Does ‘institutional knowledge’
refer to the OPCC as well as
Vancouver police?

A lawyer says Vancouver cop Jim Fisher got away with
sexual misconduct towards vulnerable women and girls
despite “institutional knowledge”

May 8, 2019

Attorney general-minister of justice Suzanne Anton celebrates Vancouver police creep Jim Fisher

Then-attorney general/solicitor general Suzanne Anton presents
an award to then-Vancouver police detective constable
Jim Fisher in 2014.

 

Update: In lawsuits launched June 17, 2019, two more women accuse Jim Fisher of sexual exploitation. They’re also suing the VPD and province, stating: “Members of the VPD… and employees of the province knew or ought to have known that Fisher repeatedly breached and violated policies and standard practices that were intended to protect [the plaintiff] and other persons in [the plaintiff’s] position … [but] took no steps or inadequate steps to enforce or implement those policies, which allowed and facilitated Fisher’s exploitation of [the plaintiff].”

 

When cops face allegations like these, we can’t rely on cops to investigate them properly—or at all. Nor can we rely on any ethical supervision from B.C.’s Office of the Police Complaint Commissioner, the people who supposedly oversee municipal cop-on-cop investigations.

Former Vancouver detective Jim Fisher used his position to have sex with at least six vulnerable complainants and witnesses in a pimping case he was investigating, the pimp’s counsel alleges. Sure, lawyer Tom Arbogast speaks on behalf of Reza Moazami, a scumbag who’s been convicted of scumbag offences on a monumentally scumbag scale. But, need it be said, that would hardly excuse the allegations against Fisher.

Arbogast also raises disturbing questions about how much the VPD knew and how little it did about Fisher’s actions. As Postmedia columnist Ian Mulgrew reports, “Arbogast told the court the indications of institutional knowledge of Fisher’s misconduct needed to be more fully explored to determine what was done about it — if anything.”

Fisher was originally charged in December 2016 with committing sexual exploitation and breach of trust between August and December 2015, sexual assault in December 2015, and obstruction of justice in November 2016.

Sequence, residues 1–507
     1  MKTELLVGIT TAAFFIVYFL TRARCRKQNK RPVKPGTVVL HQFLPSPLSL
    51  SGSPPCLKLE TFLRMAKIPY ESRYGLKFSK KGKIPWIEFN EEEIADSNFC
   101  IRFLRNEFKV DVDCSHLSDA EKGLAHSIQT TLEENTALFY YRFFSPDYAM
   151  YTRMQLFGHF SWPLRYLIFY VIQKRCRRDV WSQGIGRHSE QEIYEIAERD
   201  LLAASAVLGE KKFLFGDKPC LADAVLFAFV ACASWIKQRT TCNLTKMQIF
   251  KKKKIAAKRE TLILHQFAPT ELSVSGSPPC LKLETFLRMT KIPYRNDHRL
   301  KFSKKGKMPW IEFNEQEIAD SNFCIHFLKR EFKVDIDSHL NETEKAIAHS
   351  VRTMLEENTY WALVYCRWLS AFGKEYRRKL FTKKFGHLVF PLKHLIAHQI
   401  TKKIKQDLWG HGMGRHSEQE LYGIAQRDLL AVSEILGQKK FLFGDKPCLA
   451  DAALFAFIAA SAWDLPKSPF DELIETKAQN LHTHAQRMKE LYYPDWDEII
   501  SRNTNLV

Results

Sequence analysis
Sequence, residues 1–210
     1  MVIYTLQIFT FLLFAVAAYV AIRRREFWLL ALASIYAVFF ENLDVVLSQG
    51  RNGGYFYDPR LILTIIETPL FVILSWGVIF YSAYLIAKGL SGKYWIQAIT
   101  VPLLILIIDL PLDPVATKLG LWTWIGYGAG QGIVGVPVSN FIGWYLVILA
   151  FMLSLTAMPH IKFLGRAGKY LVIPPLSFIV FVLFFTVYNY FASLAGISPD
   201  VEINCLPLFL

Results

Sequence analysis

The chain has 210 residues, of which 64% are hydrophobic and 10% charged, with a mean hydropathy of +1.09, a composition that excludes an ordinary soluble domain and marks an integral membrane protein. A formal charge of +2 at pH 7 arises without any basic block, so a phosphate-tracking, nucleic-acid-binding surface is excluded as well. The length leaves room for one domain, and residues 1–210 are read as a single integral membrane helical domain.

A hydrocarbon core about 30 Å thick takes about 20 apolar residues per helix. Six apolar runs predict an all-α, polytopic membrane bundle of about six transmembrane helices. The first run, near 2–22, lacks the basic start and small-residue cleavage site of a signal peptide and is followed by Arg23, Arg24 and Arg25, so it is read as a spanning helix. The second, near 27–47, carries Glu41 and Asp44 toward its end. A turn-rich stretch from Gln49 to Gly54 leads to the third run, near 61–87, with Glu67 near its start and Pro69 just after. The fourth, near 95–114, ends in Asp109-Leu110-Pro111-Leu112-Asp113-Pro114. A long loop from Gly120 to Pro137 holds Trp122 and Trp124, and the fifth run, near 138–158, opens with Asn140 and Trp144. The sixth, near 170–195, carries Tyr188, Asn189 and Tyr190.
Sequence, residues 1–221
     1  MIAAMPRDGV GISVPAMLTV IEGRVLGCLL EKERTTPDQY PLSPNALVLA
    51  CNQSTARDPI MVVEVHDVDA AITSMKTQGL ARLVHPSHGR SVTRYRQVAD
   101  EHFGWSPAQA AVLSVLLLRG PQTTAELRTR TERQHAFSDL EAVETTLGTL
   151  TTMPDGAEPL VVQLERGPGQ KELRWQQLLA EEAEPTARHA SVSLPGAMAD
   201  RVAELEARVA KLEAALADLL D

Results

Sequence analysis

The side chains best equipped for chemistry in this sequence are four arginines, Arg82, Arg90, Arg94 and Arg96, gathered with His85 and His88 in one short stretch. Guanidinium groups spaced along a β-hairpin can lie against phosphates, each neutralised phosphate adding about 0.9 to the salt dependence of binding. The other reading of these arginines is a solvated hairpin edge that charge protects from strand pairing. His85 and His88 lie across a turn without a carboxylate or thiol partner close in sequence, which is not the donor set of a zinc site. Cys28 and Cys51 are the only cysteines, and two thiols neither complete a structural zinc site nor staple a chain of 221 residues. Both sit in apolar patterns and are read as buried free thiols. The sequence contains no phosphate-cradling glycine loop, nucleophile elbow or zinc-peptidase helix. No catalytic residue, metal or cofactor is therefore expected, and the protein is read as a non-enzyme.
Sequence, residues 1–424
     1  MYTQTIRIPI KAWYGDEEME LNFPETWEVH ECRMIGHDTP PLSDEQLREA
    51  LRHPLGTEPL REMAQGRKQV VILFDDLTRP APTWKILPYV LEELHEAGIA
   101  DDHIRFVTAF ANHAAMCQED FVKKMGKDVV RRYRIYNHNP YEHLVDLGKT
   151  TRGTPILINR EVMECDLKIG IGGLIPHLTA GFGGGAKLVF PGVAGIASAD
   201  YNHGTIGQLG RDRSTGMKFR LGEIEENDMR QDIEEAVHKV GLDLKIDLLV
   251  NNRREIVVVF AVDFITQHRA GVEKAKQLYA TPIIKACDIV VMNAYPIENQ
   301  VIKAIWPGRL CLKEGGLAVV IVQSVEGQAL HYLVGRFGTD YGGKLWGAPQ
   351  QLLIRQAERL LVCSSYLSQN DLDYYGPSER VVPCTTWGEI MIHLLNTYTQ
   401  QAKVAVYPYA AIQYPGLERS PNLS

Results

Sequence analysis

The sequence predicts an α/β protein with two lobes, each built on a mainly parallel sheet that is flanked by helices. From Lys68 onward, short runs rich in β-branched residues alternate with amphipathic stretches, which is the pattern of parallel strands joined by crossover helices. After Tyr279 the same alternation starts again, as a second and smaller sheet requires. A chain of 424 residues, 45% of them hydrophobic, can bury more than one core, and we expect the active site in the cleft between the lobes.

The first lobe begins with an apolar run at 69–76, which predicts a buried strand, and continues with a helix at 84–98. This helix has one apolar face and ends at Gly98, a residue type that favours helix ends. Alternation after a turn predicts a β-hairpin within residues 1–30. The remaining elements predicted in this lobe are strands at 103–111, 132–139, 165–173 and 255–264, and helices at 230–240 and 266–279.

In March 2018 he pled guilty to breach of trust and sexual exploitation for kissing a teenage girl, and breach of trust for kissing a young woman. Last August he got 20 months in prison and two years’ probation. The following January a court dismissed his appeal for a reduced term.

Now Arbogast says there’s much more to Fisher’s actions.

Mulgrew quotes Arbogast telling a courtroom: “It’s quite outrageous what he engaged in. To go through all of the misconduct would take days.”

Mulgrew’s account continues:

[Arbogast] also alleged Fisher had sex with several and perhaps most of the 11 complainants and key witnesses in the Moazami case.

Arbogast said Fisher was reputed to regularly give some of them small sums of cash at various times, which added up to a significant amount — more than a police officer’s salary would support.

His central role in the investigation gave him control and contact with key witnesses, and he counselled them to lie, cheat and misdirect police, Arbogast alleged at the court hearing.

If Arbogast’s allegations in court are to be believed, they not only condemn the shame-faced ex-detective, they indict the Vancouver Police Department.

Yes, and maybe the OPCC too. Among the allegations reported by Mulgrew, Arbogast said the VPD ignored formal complaints from a support group called Rain City (Sister Watch) about Fisher’s conduct before the end of Moazami’s trial.

It certainly wouldn’t be the first time Vancouver police covered up a formal complaint. That alone would be very serious but there’s an additional matter that consistently gets swept under the rug. B.C.’s Police Act requires municipal cops to divulge complaints to the OPCC. Failure to do so would constitute another serious breach of the Police Act, but a breach that the OPCC routinely condoned under former police complaint commissioner Stan Lowe. Two examples are the cases of VPD officer Taylor Robinson and District of Saanich officer Brent Wray. (I’ve requested newly appointed commissioner Clayton Pecknold to call investigations into the VPD and Saanich cops who withheld those incidents.)

Of course the OPCC has a history of taking part in cover-ups too. Again, that’s evident in the Robinson and Wray cases, as well as those of New Westminster cop Sukhwinder “Vinnie” Singh Dosanjh and now-disgraced former Victoria chief Frank Elsner.

So maybe the OPCC knew about Rain City’s complaints but, once again, colluded in a VPD cover-up. Quite possibly Rain City filed the complaints with both the VPD and OPCC.

The question arises of who, if anyone, will investigate Arbogast’s allegations. B.C. and Quebec remain the only two provinces that allow cops to investigate cops for sexual misconduct. These cases were excluded from the jurisdiction of B.C.’s Independent Investigations Office.

In the case of municipal cops investigated under the Police Act, those cop-on-cop investigations get “oversight” from the OPCC.

This procedure is dreadfully wrong for two reasons. Cops are the wrong people to investigate cops, especially for such serious offences. And OPCC staff have proven themselves the wrong people to oversee anything—at least anything requiring even a modicum of ethics.

Read more about B.C.’s Office of the Police Complaint Commissioner
Read more about B.C.’s inadequate Independent Investigations Office
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